Square's (NYSE:SQ) third-quarter earnings report beat expectations on both the top and bottom lines. Its fourth-quarter revenue outlook was also better than expected, but management's expectations for just $0.05 to $0.06 in adjusted earnings per share (EPS) disappointed investors. The analyst consensus for next quarter is $0.06 per share, and considering Square's run-up in price this year, anything less will be a big disappointment.
But the weaker EPS implies Square is finding new places to invest. At the beginning of the year, CFO Sarah Friar told analysts to expect mid-single-digit adjusted earnings before interest, taxes, depreciation, and amortization (EBITDA) margin expansion. The company then proceeded to expand margins much faster.
For the third quarter, Square managed a 7 percentage-point improvement in EBITDA margin over last year. Next quarter's 13% EBITDA margin forecast would be a 3 percentage-point contraction but implies full-year EBITDA margin expansion of about 7 percentage points. That's a number closer to what Friar said investors should expect at the beginning of the year and nothing for investors to sneeze at.
Square could grow earnings more quickly
Square has been outperforming on the top line, which resulted in growing profitability during the first half of the year. Even though Square once again exceeded expectations in the third quarter, the company is focused on creating new hardware, expanding existing hardware to new markets, unveiling new subscription services, growing Square Capital with new partners and a potential banking license, and more.
Friar points out that these investments have helped produce impressive top-line results. Expanding the ecosystem and providing new products for merchants makes them less likely to leave for a competitor. To that end, she told analysts, "It doesn't make sense to hold back on investments when you see the ROI [return on investment] that we see," during the third-quarter earnings call.
CEO Jack Dorsey later explained the company's philosophy behind its product expansion. It looks to identify the most critical need for its customers and then works to create a solution that's best in class. That's led to some excellent products following its flagship credit card reader -- Square Capital, Instant Deposits, and Payroll are just a few. He couldn't provide any hints as to what Square might be investing in now, though.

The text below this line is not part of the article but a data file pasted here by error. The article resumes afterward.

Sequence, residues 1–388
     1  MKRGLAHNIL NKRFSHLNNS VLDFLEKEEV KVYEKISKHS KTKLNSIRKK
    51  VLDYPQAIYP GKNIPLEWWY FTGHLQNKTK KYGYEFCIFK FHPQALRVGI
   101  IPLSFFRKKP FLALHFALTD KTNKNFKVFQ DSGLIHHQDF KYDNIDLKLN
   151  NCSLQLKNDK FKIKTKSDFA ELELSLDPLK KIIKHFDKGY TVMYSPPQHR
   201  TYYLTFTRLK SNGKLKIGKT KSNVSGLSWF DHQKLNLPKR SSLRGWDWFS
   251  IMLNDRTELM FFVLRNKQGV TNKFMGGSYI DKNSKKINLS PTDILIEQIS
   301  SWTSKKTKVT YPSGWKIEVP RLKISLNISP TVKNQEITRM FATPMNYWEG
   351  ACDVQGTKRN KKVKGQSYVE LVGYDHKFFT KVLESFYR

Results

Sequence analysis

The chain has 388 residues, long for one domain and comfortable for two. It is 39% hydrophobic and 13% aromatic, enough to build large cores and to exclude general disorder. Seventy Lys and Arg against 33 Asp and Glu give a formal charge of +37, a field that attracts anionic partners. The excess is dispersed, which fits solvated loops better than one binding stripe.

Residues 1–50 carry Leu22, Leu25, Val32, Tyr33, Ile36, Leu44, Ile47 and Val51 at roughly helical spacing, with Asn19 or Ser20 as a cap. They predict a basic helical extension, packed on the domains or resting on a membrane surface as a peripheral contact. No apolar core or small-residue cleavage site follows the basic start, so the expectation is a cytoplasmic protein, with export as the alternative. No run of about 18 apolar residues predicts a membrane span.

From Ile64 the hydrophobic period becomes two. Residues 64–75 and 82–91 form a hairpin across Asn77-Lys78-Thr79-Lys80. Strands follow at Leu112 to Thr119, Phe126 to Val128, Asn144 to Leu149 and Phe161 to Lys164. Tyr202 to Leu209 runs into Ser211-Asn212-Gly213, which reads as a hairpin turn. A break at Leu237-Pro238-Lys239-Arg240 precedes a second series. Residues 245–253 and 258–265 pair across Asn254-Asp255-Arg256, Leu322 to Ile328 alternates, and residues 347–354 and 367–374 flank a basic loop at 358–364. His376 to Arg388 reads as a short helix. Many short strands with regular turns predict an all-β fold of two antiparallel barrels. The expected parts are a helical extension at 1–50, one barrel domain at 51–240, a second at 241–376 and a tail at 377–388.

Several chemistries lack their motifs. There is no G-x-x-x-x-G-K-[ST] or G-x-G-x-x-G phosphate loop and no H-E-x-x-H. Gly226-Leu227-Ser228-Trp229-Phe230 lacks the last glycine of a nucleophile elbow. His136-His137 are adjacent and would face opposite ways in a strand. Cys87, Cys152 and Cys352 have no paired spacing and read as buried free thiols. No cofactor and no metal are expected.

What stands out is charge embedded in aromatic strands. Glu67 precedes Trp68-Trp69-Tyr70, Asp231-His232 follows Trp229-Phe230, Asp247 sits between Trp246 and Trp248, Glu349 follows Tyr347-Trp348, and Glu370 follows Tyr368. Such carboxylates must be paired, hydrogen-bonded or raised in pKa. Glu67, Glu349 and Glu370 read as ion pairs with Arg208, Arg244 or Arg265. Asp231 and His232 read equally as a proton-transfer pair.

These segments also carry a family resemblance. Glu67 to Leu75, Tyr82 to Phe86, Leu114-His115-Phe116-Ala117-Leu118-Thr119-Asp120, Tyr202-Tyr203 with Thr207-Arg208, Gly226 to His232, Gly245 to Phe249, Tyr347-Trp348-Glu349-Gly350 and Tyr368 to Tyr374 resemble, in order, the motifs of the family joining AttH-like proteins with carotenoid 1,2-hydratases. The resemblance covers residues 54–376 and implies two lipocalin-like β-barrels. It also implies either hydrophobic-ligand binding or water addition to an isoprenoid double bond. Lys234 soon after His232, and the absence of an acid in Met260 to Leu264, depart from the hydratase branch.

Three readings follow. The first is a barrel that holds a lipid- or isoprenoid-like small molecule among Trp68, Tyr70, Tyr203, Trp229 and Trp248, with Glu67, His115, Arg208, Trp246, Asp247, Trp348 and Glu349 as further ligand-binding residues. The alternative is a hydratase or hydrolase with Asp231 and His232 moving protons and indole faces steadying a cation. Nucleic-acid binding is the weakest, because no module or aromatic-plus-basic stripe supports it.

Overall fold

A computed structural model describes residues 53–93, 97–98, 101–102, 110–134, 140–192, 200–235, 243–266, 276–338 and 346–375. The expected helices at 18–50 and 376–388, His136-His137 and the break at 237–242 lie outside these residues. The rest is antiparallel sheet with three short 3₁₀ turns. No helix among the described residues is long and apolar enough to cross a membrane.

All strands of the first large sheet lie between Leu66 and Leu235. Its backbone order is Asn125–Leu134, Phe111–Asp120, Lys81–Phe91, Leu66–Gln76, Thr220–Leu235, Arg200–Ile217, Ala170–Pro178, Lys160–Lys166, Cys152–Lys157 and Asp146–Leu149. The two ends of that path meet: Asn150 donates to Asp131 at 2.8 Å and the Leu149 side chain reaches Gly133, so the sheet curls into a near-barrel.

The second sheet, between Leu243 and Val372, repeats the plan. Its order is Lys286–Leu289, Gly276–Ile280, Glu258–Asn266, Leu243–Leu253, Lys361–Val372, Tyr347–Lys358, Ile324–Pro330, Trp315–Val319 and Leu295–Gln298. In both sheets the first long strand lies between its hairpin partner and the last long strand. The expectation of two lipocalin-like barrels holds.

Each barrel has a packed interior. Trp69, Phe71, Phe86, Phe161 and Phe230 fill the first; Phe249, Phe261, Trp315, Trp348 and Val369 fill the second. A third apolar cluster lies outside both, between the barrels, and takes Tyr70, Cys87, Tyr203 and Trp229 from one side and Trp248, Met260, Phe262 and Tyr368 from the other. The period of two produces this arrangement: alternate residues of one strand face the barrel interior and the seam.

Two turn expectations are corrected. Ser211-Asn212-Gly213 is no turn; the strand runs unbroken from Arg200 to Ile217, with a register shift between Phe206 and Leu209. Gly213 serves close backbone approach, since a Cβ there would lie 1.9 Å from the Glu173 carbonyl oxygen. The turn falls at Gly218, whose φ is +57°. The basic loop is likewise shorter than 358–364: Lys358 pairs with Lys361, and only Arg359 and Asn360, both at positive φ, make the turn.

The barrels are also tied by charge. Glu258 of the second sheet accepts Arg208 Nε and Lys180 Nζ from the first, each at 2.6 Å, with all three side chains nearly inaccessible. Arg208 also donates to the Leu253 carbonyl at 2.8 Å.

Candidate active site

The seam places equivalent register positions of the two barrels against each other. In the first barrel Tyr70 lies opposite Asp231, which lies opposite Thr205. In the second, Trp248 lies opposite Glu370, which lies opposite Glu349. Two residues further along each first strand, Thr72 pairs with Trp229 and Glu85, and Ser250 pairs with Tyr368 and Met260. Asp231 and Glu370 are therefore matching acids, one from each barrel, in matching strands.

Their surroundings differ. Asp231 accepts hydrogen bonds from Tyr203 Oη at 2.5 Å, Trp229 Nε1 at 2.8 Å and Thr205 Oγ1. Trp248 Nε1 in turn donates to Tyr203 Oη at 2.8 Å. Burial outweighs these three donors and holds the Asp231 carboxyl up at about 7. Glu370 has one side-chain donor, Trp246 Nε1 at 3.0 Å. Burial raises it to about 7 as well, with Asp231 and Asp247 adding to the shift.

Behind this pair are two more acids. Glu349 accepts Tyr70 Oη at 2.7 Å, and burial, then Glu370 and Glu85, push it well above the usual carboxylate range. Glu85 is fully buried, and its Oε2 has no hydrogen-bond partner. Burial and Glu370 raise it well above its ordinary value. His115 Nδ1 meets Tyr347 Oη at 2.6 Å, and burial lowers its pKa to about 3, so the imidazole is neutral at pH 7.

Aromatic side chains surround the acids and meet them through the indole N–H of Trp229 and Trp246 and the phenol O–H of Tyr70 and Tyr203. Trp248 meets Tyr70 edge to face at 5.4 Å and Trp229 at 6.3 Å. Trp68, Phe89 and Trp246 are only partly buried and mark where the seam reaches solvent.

Fending off the competition
It's important to note the disappointing margin guidance isn't necessarily the result of increased competition. Intuit recently announced QuickBooks Capital, which will work similarly to Square Capital. It will use AI to analyze QuickBooks users' businesses and similar ones to make lending decisions.
Square, with its access to merchant transactions, is able to make lending decisions using a similar process, as are Shopify and PayPal. Indeed, Square Capital loan originations declined slightly on a sequential basis, but Friar says that has more to do with one-off events (hurricanes) than competition.
More importantly, the best way for Square to compete with a growing number of competitors in its space is to offer more services and target new markets. Square has no other competitive advantage besides its ability to create a bigger, better, and stickier ecosystem of fintech products.
Competition is something Square has been managing for years. Intuit, Shopify, and PayPal all have in-store credit card processing services, but Square has managed to remain the leader nonetheless.
As long as Square's ongoing investments continue to produce strong revenue growth, investors should be cheering instead of jeering management's decision to reign in margin expansion. Friar reiterated her expectations for mid-single-digit adjusted EBITDA margin expansion for the next few years.
Adam Levy has no position in any of the stocks mentioned. The Motley Fool owns shares of and recommends Intuit, PayPal Holdings, and Shopify. The Motley Fool owns shares of Square. The Motley Fool has a disclosure policy.